Friday, 22 October 2010

Gaugin at the Tate Modern

Gauguin.  Not my favourite artist.  I think it's the vague recollection of posters of semi-dressed women pinned up on the walls of my boy's boarding school making liking Gauguin seem somehow a bit adolescent.

I always thought that going to Tahiti had made him paint like that. All those colours.  However, the Tate exhibition shows something else, which is that he was a painter of unique and driven vision.   It turns out he always had painted a bit like that.  My favourite picture in the exhibition was one he did of his daughter asleep, at a point where his life was still eurocentric.
Girl sleeping, Paul Gauguin
To quote the Guide Michelin: "worth a visit, but not a detour".

Britten Sinfonia at the QEH – October 18th

To the Soutbank in the evening for the (almost) premiere of a new concerto by James MacMillan written for his friend, Nicholas Daniel the oboist.

One of the main strands of contemporary classical music is the formal minimalism of composers like Reich and Cage.  My friend Laurence Crane is part of that tradition, and would point to eg: the sculptures of Donald Judd or the paintings of the abstract expressionists as his inspirations.   The other significant strand, to which MacMillan belongs, is a more flowery and colourful world, the extreme edge of which tends towards cacaphonic discordance.  Think Harrison Birtwhistle.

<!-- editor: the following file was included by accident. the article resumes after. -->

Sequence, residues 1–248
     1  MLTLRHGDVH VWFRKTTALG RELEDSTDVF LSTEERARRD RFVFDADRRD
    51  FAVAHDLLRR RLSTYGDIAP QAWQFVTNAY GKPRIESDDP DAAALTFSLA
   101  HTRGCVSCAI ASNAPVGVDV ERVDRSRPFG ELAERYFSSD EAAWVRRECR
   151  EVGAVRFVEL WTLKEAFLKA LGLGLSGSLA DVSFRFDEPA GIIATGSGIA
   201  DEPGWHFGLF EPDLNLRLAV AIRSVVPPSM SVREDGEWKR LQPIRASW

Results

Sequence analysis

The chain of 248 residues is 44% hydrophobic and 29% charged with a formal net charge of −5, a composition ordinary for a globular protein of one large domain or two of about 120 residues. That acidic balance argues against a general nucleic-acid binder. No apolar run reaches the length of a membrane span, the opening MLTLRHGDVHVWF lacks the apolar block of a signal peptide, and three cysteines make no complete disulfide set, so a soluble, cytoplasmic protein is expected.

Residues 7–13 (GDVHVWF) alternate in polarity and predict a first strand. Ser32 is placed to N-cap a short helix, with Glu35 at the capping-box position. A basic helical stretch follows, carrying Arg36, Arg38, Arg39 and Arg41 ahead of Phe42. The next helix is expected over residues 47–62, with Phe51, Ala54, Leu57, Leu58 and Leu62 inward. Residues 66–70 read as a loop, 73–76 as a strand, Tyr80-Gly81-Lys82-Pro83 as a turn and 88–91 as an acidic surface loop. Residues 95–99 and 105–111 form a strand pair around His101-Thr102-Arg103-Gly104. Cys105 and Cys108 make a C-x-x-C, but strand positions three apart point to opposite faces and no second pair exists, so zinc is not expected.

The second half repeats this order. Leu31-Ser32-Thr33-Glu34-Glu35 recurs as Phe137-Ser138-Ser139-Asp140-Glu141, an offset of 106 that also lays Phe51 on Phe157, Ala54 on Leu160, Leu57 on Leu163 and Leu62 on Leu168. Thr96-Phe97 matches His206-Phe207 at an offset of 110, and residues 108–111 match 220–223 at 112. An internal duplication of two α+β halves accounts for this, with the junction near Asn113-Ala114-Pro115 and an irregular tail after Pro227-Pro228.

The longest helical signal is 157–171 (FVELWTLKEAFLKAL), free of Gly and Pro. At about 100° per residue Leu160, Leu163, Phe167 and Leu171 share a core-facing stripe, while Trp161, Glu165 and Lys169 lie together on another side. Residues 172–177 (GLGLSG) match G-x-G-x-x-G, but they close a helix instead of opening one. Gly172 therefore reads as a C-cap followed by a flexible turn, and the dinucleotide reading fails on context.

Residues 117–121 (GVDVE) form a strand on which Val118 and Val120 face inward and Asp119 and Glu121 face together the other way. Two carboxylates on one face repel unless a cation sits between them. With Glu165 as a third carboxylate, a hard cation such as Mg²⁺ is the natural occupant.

Anyway, the MacMillan oboe concerto was a surprisingly rich and lovely piece of music.   Full of colour.  MacMillan is very religious, and the first time I think we’d come across his music was in Winchester about 15 years ago when we stumbled on a violinist and a pianist rehearsing a haunting, sparse, John Taverner like piece in an otherwise empty cathedral.

MacMillan conducted the concert with vigour, and well deserved the favourable response from the audience.

I met both MacMillan and Nicholas Daniel at a drinks party after the concert.   Nicholas was full of excitement about the piece, and explained that it had been incredibly difficult to learn as it was written as a palindrome.   Literally.  The notes for the oboe part in the third movement were precisely the same as those of the first movement, but reversed in sequence.    One really could not have told from listening to it, but it made me slightly revise my allocating MacMillan to the flowery end of contemporary music – it’s a very abstractly formal proposition he’s set out in the score.